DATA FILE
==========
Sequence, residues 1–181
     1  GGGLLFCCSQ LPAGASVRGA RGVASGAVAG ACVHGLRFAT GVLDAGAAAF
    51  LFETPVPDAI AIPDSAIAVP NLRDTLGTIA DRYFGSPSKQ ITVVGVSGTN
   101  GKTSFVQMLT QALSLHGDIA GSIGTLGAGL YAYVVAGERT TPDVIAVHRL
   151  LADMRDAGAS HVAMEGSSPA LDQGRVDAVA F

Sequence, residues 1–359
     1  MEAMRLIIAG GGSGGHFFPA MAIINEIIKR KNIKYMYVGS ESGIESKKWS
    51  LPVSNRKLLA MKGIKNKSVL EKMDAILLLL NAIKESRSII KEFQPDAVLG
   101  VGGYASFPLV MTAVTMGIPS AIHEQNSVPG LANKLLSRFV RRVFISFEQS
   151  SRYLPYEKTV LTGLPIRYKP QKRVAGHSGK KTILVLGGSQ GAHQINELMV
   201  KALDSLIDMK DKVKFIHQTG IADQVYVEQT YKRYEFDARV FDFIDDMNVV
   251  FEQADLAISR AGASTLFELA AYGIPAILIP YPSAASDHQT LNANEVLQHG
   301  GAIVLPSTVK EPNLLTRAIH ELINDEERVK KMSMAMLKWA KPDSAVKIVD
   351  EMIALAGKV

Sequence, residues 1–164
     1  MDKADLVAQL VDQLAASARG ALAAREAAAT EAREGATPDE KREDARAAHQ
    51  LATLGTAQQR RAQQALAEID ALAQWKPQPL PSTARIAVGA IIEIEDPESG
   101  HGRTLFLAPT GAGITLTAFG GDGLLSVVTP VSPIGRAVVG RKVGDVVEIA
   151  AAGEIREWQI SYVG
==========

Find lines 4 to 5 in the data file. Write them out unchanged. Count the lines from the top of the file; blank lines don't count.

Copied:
   101  GKTSFVQMLT QALSLHGDIA GSIGTLGAGL YAYVVAGERT TPDVIAVHRL
   151  LADMRDAGAS HVAMEGSSPA LDQGRVDAVA F